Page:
Colin Cunnington's simple fishing trip saved his life after he felt pain while holding his rod in place. But then he got the worst possible news.
Colin Cunnington's simple fishing trip saved his life after he felt pain while holding his rod in place. But then he got the worst possible news.

Man found with 50 brain tumours after fishing trip pain

Colin Cunnington was holding his fishing rod in place when he noticed a pain in his groin.

The decision to go to the doctor to get it checked out saved his life but also gave him a death sentence.

The 73-year-old was told he could be dead in six weeks after doctors checked the swollen lymph nodes in his groin only to find 50 tumours in his brain.

Three years earlier in August 2013, Mr Cunnington had been diagnosed with stage four melanoma after noticing a simple but suspicious sun spot, but he had it removed and there were no further issues.

"I went back to the hospital to get the results and they sat me and my wife down and said, 'Look, don't worry about the melanoma in your lymph nodes, have a look at your brain scan'.

"My brain was full of small melanoma lesions. They counted to 50 and stopped, there were so many. My brain was like a Christmas pudding stuffed with melanoma lesions. It was pretty horrid."

Colin Cunnington discovered 50 lesions in his brain after noticing a pain in his groin out fishing.
Colin Cunnington discovered 50 lesions in his brain after noticing a pain in his groin out fishing.

The grandfather of eight was happily enjoying retirement on Queensland's North Stradbroke Island when he had to start getting his affairs in order.

"I noticed when I was fishing because I had the rod tucked against my leg," he said.

"I thought uh-oh, this is bad news.

"It was a shock. It was quite difficult, it was Christmas time. I was trying to sort out my affairs so I spent the six weeks sitting at the computer.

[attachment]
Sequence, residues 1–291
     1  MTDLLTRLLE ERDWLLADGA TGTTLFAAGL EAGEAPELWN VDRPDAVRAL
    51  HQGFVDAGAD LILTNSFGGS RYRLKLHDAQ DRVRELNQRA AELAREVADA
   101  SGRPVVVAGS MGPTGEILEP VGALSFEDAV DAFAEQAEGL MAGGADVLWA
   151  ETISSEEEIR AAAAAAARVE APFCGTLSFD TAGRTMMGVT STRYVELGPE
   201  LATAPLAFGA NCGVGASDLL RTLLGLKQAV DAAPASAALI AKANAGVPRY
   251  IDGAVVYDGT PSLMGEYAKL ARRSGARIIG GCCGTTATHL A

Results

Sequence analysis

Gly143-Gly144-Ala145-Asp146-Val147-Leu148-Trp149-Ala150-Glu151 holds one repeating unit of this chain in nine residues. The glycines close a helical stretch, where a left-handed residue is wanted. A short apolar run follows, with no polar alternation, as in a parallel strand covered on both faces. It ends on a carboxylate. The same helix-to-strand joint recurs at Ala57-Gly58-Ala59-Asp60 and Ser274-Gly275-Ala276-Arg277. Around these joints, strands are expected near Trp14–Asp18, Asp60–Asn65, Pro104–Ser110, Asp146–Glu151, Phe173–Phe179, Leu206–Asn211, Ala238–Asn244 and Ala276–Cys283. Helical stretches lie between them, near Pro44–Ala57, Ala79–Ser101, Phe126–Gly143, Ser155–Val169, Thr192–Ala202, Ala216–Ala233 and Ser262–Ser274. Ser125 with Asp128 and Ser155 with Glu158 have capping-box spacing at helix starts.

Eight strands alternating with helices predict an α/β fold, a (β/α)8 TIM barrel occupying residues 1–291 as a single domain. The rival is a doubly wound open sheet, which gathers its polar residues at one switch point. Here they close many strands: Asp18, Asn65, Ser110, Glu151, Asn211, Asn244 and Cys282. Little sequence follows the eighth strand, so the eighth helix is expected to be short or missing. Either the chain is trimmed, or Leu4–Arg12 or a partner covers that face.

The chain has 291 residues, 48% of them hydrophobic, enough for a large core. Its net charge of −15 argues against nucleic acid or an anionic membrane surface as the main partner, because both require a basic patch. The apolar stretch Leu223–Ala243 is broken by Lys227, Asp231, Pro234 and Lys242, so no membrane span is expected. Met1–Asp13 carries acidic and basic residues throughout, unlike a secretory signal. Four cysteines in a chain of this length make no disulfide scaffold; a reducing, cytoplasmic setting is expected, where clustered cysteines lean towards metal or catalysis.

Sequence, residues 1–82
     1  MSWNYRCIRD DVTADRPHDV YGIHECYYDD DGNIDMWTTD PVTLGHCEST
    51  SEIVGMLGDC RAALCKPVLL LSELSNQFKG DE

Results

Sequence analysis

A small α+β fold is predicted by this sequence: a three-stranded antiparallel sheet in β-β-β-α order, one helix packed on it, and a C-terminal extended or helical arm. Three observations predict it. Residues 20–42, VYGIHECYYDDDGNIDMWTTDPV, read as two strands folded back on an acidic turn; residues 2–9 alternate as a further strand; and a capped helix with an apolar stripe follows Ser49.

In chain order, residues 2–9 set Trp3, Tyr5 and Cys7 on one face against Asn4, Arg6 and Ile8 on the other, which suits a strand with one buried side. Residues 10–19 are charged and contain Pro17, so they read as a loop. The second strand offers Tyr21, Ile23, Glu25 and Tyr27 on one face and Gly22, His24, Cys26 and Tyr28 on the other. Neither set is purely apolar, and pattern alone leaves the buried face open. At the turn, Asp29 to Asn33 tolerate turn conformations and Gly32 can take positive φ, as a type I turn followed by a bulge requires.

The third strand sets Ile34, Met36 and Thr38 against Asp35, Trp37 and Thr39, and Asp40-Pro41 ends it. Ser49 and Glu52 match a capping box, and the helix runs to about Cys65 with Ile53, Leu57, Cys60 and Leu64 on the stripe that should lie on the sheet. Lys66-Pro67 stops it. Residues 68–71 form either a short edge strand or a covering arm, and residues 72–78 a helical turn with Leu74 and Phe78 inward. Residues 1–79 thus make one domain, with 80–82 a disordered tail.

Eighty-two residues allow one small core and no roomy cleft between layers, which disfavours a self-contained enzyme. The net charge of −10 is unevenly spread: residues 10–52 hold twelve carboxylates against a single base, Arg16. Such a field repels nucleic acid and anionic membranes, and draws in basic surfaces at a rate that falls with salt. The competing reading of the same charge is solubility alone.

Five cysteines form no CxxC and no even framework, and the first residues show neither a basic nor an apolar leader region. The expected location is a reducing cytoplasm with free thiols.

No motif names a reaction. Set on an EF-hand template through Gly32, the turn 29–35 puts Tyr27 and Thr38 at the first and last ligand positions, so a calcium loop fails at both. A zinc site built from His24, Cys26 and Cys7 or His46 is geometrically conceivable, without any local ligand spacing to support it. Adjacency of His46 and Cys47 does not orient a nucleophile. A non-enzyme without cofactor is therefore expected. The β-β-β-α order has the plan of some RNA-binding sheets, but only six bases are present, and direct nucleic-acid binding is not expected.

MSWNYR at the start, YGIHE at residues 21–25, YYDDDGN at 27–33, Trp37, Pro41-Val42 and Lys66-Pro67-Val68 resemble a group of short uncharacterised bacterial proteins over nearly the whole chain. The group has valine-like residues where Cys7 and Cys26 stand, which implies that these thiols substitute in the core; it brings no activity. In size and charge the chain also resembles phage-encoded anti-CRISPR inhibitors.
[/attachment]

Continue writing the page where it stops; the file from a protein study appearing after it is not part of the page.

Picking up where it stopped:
"It was probably the hardest thing I've ever done in my life."

 

He’s been cancer free since 2017 after immuno-oncology treatment.
He’s been cancer free since 2017 after immuno-oncology treatment.

Mr Cunnington said fortunately there was a study going on for immuno-oncology treatment.

He started treatment straight away and finished in 2017 and has been cancer free ever since.

"Melanoma in the brain is just terrible," he said.

"That's usually a death sentence. The oncologist said do you really want to know what your prospects are. She said you could be dead in six weeks."

Immuno-oncology (IO) works by engaging the immune system and reactivating the patient's own immune system to recognise and destroy cancer cells.

Different IO treatments can be used in combination to target different ways to fight cancer.

In 2015, Australia's first immuno-oncology treatment was approved by the Therapeutic Goods Administration to treat patients with cancer.

IO agents give oncologists new options for some types of cancer. It is now being used in Australia to treat many cancers, including melanoma, lung, kidney and head and neck cancer.

While most Australians have heard of chemotherapy and radiation therapy, there is a distinct lack of awareness about what IO is, and many have not even heard of it.

"It's wonderful these treatments are now available because there really wasn't any hope for people with melanoma in the brain the way I had it," Mr Cunnington said.

"Modern medical science, it's a miracle."



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